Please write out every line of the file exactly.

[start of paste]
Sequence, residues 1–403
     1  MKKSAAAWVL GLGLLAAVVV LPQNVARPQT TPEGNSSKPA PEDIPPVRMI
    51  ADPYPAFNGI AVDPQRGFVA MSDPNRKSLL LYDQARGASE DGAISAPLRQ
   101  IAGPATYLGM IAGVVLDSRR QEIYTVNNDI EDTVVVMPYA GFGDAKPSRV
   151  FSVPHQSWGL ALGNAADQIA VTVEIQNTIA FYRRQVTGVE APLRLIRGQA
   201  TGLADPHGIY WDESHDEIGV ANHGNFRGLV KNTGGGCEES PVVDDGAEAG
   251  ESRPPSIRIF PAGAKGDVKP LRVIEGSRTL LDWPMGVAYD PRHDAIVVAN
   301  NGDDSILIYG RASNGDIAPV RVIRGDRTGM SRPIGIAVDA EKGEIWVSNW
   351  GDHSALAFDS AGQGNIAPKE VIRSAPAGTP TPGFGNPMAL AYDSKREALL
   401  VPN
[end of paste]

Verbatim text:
Sequence, residues 1–403
     1  MKKSAAAWVL GLGLLAAVVV LPQNVARPQT TPEGNSSKPA PEDIPPVRMI
    51  ADPYPAFNGI AVDPQRGFVA MSDPNRKSLL LYDQARGASE DGAISAPLRQ
   101  IAGPATYLGM IAGVVLDSRR QEIYTVNNDI EDTVVVMPYA GFGDAKPSRV
   151  FSVPHQSWGL ALGNAADQIA VTVEIQNTIA FYRRQVTGVE APLRLIRGQA
   201  TGLADPHGIY WDESHDEIGV ANHGNFRGLV KNTGGGCEES PVVDDGAEAG
   251  ESRPPSIRIF PAGAKGDVKP LRVIEGSRTL LDWPMGVAYD PRHDAIVVAN
   301  NGDDSILIYG RASNGDIAPV RVIRGDRTGM SRPIGIAVDA EKGEIWVSNW
   351  GDHSALAFDS AGQGNIAPKE VIRSAPAGTP TPGFGNPMAL AYDSKREALL
   401  VPN